Is the nursing home facility to blame?

Though the maltreatment or negligence is often perpetrated by an individual, the reality is that the nursing home facility who has hired that person is ultimately responsible for its patients’ care. Beyond the fact that employers have a general obligation to watch over their workers, the businesses that own the facilities and nursing homes are responsible for laying the groundwork that result in such problems. By focusing just on gains rather than patient care, these businesses establish the tone that efficacy is more important than providing residents with leading service. Budgets generally dictate conclusions regarding staffing, training and background checks, something that jeopardizes the security and well-being of those who’ve trusted the nursing home with their loves one.


What other forms of abuse exist?

Beyond physical mistreatment and neglect, which can result in visible and painful scars, abuse can take a variety of forms. Elders are also victims of mental maltreatment, being berated, ignored or belittled by staff members, physicians and others working inside nursing homes. Sexual abuse also takes place in some situations, with seniors suffering as quiet victims. Even financial exploitation, negligence and desertion also happen, sometimes without noticeable signs or warnings.


How big of a problem is neglect and nursing home abuse?

To say that nursing home abuse and negligence and, more broadly, elder abuse, is a serious problem is tragically an understatement. According to the U.S. Department of Justice, more than 11% of all seniors endure some sort of abuse or neglect each year. This means that more than four million elderly people endure some kind of debilitating abuse or neglect every single year.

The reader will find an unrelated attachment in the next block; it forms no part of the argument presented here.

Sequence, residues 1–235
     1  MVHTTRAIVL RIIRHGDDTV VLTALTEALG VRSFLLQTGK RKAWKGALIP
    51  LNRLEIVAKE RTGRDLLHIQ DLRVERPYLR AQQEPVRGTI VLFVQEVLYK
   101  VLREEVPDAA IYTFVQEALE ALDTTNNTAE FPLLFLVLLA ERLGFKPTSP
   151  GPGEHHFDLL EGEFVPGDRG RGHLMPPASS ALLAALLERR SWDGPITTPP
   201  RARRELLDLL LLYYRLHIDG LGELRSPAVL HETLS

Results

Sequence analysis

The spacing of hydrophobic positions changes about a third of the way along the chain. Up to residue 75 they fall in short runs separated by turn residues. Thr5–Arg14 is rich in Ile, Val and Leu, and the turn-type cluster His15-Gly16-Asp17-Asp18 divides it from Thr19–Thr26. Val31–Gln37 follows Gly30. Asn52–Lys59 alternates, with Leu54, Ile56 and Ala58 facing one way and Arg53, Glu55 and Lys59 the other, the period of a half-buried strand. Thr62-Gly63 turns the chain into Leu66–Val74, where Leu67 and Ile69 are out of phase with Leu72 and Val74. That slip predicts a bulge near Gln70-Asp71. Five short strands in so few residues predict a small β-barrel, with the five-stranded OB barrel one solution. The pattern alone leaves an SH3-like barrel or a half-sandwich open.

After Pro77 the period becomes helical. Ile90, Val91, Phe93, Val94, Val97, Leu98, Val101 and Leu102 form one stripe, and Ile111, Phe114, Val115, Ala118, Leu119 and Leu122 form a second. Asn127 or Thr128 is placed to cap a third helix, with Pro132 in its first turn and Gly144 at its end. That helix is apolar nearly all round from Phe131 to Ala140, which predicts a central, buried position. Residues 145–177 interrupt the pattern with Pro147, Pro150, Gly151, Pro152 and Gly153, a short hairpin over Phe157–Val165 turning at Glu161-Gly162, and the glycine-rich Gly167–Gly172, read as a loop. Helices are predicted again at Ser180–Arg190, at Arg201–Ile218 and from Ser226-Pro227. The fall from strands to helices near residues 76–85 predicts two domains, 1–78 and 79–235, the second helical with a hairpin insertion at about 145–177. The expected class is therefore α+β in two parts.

People have the legal right to be free from any mental, physical, sexual or verbal abuse, together with physical or chemical restraint that’s used for the purpose of benefit or punishment. These same rights apply to residents of private nursing homes the same as they do to those in publicly funded Medicare facilities. No one should endure abusive or neglectful treatment and, mercifully, the law says that no one has to.


Warning signs of abuse

Abuse and neglect can be amazingly difficult to detect in some cases where the injury is not instantly evident. Some of the simplest abuse to detect is physical abuse, which can result in bruises or broken bones. If an elderly loved one suffers burns, begins to develop frequent bruises or broken bones or is frequently taken to receive medical treatment without explanation, these might be signs that she or he is enduring some physical mistreatment.


Sexual abuse is considerably harder to detect given a lack of obvious signs. But if a senior complains of pain, suddenly contracts a sexually transmitted disease or is suffering from bleeding or sores, there might be an indication of abuse.